Charoset is a part of the traditional Seder plate. It represents the mortar used for the bricks used by the Jewish slaves in making the Egyptian buildings, temples, and tombs.
Holy Thursday, also known as Maundy Thursday, Covenant Thursday, Great & Holy Thursday, and Thursday of Mysteries, is the Thursday before Easter celebrated by Christians to commemorate Jesus’ Last Supper, in which he was celebrating Passover. This was the very first Holy Communion and the beginning of Holy Orders when Jesus washed his disciples’ feet.
It is amazing to have a seven-year-old son who had his First Holy Communion on May 15, 2011. Part of his education was understanding what the sacrament means, both spiritually and historically.
Spane wanted to know why the Pastor was washing the feet of the men sitting on the steps leading to the sacristy. I think a lot of people take this kind of for granted, just as the ancients took the slaves that washed people’s feet for granted. By Jesus taking on the job of a slave, he showed us, by his example, to go out and serve others.
The Passover commemorates freedom from slavery, Holy Communion commemorates our freedom from sin.
In 2010, we celebrated a “mini” Seder meal, and this year we celebrated as well. I decided to try to make it a meal that might have been served in Jesus’ time, something that would have been common in the Mediterranean. Our menu had a lot of lemons, including the dessert, Lemon Bars. We did not want to have dessert before going to Mass, so we had it after we got home. It was the perfect end of a perfect day!
Our Seder Menu
- The Seder Plate
- Bitter Herb (we used horseradish)
- Romaine leaves
- Unleavened Bread
- Salt Water
- The Meal
- Lamb Chops
- Lemon Squares
The Seder Plate
Charoset is a part of the traditional Seder plate. It represents the mortar used for the bricks used by the Jewish slaves in making the Egyptian buildings, temples, and tombs. It is also a little sweet, to remind us of the sweetness of life.
When I make it, although I only use one apple, there is enough left over for Good Friday’s fast of one meal.
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- ½ cup chopped nuts, walnuts are a good choice
- 1 apple diced
- 1 Tablespoon cinnamon
- 1 tablespoon Red wine, as desired
- Combine ingredients in a food processor and process until it resembles the mortar that was used to build the pyramids. Okay, it doesn’t have to look exactly like that, but similar.
You could also make a Charoset Tart if you have a crowd. It’s really good with a dollop of whipped cream on top.
The lettuce symbolizes the bitter enslavement of the Jewish people in Egypt. The leaves of romaine lettuce are not bitter, but the stem, when left to grow in the ground, turns hard and bitter.
Bitter herbs bring to mind the bitterness of the slavery of the Jewish peoples in Egypt.
The saltwater is used for dipping the lettuce and other things on the traditional Jewish Seder plate. For us, it also symbolizes the tears shed by the slaves in Egypt.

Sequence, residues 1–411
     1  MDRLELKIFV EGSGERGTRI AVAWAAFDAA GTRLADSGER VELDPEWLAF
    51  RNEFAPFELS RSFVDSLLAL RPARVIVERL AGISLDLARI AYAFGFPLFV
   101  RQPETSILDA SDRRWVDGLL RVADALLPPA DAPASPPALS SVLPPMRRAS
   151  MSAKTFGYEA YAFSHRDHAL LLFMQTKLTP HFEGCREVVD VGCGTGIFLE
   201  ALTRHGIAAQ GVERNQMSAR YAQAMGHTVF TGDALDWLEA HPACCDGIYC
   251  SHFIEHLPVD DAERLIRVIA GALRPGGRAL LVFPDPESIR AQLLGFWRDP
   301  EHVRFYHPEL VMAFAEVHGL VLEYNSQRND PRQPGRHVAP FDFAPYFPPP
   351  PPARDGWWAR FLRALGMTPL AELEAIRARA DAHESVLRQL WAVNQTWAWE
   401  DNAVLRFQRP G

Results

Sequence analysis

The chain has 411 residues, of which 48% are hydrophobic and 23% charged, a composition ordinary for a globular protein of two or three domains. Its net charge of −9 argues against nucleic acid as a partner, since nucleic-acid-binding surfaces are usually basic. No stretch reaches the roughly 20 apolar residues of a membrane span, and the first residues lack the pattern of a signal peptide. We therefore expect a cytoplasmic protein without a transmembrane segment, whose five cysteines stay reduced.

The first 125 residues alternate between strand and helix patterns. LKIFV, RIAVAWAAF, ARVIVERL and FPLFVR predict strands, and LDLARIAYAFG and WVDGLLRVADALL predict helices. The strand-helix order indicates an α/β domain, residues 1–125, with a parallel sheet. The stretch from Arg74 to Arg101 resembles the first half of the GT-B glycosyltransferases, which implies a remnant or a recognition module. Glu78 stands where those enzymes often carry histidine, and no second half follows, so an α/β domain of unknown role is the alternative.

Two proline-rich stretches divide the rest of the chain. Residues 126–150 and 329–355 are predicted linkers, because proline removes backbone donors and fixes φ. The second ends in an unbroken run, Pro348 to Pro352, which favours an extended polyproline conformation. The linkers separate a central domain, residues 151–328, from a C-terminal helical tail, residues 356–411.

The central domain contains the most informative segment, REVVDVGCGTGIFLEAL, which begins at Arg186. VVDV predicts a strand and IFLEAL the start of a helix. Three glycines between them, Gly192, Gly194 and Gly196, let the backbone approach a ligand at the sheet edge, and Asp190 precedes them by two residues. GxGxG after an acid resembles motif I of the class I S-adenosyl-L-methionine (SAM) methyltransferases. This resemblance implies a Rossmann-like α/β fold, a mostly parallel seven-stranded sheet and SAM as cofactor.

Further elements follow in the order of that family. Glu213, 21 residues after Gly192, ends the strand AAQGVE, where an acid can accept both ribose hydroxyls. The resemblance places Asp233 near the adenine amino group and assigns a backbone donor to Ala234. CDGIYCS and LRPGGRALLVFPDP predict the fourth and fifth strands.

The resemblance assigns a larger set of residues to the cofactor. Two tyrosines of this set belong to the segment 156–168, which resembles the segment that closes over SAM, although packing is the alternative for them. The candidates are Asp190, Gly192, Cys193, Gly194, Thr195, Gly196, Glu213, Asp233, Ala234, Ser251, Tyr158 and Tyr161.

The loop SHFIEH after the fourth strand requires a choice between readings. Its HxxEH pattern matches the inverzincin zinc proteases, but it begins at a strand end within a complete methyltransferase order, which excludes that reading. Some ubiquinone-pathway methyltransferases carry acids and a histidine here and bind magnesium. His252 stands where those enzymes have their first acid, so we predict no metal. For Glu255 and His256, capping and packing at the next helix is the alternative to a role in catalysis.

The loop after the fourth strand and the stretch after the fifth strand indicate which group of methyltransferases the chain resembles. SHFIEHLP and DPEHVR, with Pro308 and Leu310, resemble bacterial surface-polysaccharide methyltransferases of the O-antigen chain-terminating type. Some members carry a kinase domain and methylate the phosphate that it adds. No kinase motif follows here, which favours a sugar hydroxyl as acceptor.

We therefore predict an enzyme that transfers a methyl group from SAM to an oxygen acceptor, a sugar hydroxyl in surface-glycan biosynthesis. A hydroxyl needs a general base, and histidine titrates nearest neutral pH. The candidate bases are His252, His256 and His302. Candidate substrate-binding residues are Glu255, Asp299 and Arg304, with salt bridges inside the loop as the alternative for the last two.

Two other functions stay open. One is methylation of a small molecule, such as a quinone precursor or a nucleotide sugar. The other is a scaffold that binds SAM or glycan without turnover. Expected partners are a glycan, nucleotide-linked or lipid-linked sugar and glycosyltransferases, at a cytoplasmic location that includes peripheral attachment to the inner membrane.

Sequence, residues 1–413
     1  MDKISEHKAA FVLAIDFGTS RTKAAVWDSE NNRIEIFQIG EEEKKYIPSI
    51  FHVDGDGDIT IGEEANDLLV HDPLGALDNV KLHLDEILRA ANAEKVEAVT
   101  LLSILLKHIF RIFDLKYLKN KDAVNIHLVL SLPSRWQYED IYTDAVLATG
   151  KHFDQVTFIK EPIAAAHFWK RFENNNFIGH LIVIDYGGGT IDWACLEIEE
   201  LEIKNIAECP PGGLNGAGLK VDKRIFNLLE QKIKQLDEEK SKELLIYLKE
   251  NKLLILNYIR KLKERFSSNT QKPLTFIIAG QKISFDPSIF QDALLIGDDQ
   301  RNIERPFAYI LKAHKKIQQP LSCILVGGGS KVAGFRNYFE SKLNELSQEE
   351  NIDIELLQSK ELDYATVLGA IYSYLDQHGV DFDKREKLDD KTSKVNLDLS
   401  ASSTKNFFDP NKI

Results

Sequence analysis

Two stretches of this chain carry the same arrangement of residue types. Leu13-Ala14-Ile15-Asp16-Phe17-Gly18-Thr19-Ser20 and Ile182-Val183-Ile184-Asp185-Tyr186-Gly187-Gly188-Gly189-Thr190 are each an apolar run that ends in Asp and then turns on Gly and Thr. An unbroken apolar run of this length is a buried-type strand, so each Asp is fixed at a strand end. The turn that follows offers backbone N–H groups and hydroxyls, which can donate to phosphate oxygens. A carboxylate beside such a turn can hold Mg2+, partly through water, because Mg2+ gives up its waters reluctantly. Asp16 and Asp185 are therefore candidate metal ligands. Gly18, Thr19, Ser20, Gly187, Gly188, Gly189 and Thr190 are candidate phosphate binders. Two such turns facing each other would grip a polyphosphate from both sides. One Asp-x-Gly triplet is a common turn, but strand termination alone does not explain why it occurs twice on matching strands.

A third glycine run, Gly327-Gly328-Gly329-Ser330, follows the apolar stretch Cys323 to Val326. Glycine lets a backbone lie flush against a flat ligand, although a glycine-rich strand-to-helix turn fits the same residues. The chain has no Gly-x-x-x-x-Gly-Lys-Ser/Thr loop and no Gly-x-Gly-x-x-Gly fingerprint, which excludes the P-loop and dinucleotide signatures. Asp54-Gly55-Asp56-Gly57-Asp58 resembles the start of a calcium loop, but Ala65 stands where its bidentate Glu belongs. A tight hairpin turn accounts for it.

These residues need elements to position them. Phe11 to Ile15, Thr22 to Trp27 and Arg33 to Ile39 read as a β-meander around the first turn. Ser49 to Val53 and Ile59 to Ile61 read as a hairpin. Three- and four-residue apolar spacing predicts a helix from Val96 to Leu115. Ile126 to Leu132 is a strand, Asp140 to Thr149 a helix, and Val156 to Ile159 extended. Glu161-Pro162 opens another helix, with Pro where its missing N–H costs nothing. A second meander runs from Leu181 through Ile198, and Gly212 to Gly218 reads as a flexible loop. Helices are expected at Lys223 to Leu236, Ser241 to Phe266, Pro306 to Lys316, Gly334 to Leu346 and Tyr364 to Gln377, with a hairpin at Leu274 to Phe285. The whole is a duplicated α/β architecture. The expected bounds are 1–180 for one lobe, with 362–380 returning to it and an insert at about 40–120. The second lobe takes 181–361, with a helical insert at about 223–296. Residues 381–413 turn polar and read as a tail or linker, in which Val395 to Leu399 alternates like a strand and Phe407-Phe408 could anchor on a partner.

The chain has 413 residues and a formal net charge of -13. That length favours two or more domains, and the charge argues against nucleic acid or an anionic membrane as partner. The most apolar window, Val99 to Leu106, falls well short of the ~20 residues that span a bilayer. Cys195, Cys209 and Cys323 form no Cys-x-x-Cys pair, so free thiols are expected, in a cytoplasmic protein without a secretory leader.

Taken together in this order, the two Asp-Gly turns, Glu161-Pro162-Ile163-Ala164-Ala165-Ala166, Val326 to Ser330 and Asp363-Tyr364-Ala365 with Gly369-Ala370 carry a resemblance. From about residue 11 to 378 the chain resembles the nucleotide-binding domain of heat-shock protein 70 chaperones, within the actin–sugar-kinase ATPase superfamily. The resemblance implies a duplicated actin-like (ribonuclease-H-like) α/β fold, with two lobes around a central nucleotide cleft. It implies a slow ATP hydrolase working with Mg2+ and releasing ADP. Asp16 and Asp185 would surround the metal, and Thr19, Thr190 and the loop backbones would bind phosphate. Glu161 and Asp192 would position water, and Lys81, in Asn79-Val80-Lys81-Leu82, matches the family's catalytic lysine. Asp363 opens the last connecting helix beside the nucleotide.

The first time I had Tabouleh, it was at a potluck someone’s mother had made it – I called it Christmas salad for the longest time because it was green with red and white. Since then I have had it many times, mostly purchasing at Armenian deli or once, I even bought the one that comes in a box. I was determined to make it myself, even if I had to stand and watch an old Armenian grandma do it.
Don’t buy the Tabouleh that comes in the box, it does not have a bright, fresh taste. Although Tabouleh may seem difficult to make, with the proper tools, it’s really a snap. All you really need is a good sharp Mezzaluna. What is a Mezzaluna you ask? Well, it’s a half-moon-shaped knife that you rock back and forth over your herbs. The double-handled one is the best – I only have a single, but it did the trick.
A Mezzaluna can quickly become your best friend when wanting to chop nuts and herbs. It is my preferred tool when I am making Chicken with Gorgonzola and Pistachios for chopping up the nuts. I originally bought mine at Cost Plus World Market when they still carried them, and mine came with a nice wooden chopping block with an indentation in the center for the Mezzaluna.
I was a little frightened of bulgur since I had never used it. Doing a little reading up on it on the Internet calmed my fears. I was happily surprised with the Zergut’s packaging that said the fine-grain bulgur was the right one for Tabouleh.
Mediterranean Grilled Lamb
I am very lucky to live in Glendale, California, which has a large Armenian population. Armenians make wonderful lamb dishes, especially kabobs grilled over their special hardwood barbeques.
For this reason, I can get lovely lamb chops at the butcher for a fair price. The butcher at my local store cut the ribs for me right out of the cold storage. They had just come in that morning!
Another thing about living in Glendale and shopping at the Armenian markets; usually only lemon basil is available. I like lemon basil, so I am fortunate in that respect. Lemon basil, if you have not had it, is truly very lemony so it goes great with meats and fish.
These chops would have been wonderful on the barbeque, but I just put them in an iron skillet and broiled them in the broiler.
Lemon Bars for Holy Thursday or Any Day!
My friend Amber Lewis made these at her home a while back. The only problem was they were so good in the pan that they never made it onto the serving platter!
When I was working at the Scholastic Book Fair at Spane’s school, I was looking through 9×13 – The Perfect Fit Dish, and there was a recipe for Lemon Bars in it. I bought the book just for that reason, and this is the recipe that was in the book.
As it turned out, we did not have enough time after our meal for dessert, so we had these when we came back from Holy Thursday Mass.